Pacing and Flow
© 2008 Daniel Arenson
I’d like to discuss two ways of improving the flow and pacing of your fiction: controlling “infodump” and varying sentence length/structure.
When writing fantasy or science fiction, it can be challenging to describe the setting (your "imaginary world”) without slowing down the story. World-building is always fun: we create imaginary kingdoms, heroes, legends, cultures, and a host of other details about the setting. When writing, it’s tempting to occasionally halt the story and launch into little “essays” about the world. Whenever this temptation arises, it’s best to resist. As important as some info might be, the pacing of the current scene always has the higher priority.
Instead of pausing the story to reveal necessary information, it’s best to dispense the info in bits and pieces, unobtrusively, in a way that seems like part of the story.
For example, this is wrong:
“Trog chased the troll into the palace, brandishing his sword. His grandfather had built this palace fifty years ago, long before Trog was born. It had faced countless troll invasions, and stood under siege during the great Goblin War, during which Trog’s grandfather died. The old warrior’s tomb still stood inside the palace, and even to this day, the guards swore they could see his ghost wandering the halls at night. Inside the shadowy palace, Trog cornered the troll by a fireplace, and launched into an attack.”
This is right:
“Trog chased the troll into the palace, brandishing his sword. As his footfalls echoed in the towering hall, Trog tightened his lips. If your spirit truly still fills these halls, grandfather, help me now,
he prayed silently. The troll ran down a narrow hall, and Trog followed, rage pulsing through him. This palace has stood against countless troll invasions. My grandfather died defending it from trolls during the Goblin Wars. I will not let a troll desecrate my grandfather’s honor!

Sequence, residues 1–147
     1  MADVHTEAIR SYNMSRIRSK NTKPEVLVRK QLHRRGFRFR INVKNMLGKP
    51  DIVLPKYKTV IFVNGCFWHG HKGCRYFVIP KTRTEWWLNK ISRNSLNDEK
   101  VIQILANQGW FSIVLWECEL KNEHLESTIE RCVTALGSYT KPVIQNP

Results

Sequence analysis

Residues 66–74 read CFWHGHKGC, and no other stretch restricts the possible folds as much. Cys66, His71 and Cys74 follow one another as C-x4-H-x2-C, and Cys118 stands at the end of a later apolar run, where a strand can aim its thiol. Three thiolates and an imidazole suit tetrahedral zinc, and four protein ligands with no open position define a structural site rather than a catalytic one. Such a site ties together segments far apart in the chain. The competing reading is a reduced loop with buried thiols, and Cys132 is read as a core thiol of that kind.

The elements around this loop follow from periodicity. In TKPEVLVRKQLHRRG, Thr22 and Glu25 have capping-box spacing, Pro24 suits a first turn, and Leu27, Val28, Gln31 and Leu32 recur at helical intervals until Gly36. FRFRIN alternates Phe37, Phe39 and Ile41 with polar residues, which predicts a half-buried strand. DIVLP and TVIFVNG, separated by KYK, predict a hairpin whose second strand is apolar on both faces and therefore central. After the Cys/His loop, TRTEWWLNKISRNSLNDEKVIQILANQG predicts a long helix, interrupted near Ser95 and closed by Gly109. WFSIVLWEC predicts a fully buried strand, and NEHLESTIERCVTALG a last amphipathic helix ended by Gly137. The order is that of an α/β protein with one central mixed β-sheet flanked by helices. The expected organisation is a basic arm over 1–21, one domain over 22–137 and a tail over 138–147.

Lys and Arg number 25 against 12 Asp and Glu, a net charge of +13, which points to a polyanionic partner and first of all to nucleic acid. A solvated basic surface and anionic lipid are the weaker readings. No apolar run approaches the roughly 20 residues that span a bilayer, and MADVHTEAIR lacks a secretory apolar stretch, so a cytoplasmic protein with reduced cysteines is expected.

He cornered the troll by the fireplace and attacked."
In the first version, we paused from the chase to explain about the palace and its history. In the second version, we wove the information into the story, so that it becomes part of the chase scene.
The scene and characters are what we should focus on. When it becomes necessary to provide information, we should place it naturally into the scene without slowing down the action.
When considering pacing and flow, it’s also good to vary the length and structure of your sentences. Otherwise the tone can become awkward.
Consider the following paragraph:
“Sheathing his sword, Trog left the library. Grumbling under his breath, he marched down the hallway. Hunger aching in his belly, he entered the kitchen. Mouth watering, he took some bread and began to eat.”
All of these sentences are of the same structure, providing repetitive, dull writing. It’s best to vary the structure of your sentences to create a more dynamic, flowing read.
We should also vary sentence length. Consider the following:
“Trog lifted the spellbook. Dust flew into his eyes. Trog sneezed and slammed the book down. More dust flew. Clutching his sword, Trog left the library. No book would help him, he knew. He headed toward the kitchen. What he needed was a good meal.”
We writers of commercial fantasy best avoid such style. If you have several long sentences in a paragraph, provide a few short ones alongside them, and vice versa.
Of course, you should match the style of writing to the scene. Action scenes benefit from shorter, simpler sentences. Reflective scenes might warrant longer, more complex ones. In most cases, however, you’ll want to vary the sentence length and structure to at least some degree. Your writing will flow much better.
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